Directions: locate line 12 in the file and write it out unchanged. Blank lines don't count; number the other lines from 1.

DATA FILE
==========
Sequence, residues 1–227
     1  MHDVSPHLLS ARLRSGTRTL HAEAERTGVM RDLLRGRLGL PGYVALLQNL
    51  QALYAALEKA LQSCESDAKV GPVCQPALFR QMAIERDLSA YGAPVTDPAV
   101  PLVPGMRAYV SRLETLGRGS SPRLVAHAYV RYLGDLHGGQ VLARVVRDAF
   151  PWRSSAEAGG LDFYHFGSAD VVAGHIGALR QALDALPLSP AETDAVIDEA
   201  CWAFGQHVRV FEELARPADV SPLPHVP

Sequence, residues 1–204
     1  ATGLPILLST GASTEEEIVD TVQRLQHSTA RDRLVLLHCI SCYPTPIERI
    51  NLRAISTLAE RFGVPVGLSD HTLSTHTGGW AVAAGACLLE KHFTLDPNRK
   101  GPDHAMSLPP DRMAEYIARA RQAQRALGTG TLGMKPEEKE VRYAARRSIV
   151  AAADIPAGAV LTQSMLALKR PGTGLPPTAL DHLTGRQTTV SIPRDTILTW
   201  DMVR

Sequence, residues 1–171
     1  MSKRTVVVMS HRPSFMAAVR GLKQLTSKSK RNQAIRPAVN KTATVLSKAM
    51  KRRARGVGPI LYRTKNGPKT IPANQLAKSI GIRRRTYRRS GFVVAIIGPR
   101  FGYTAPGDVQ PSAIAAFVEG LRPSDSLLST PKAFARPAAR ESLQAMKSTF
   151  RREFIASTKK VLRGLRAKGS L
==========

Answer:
   201  DMVR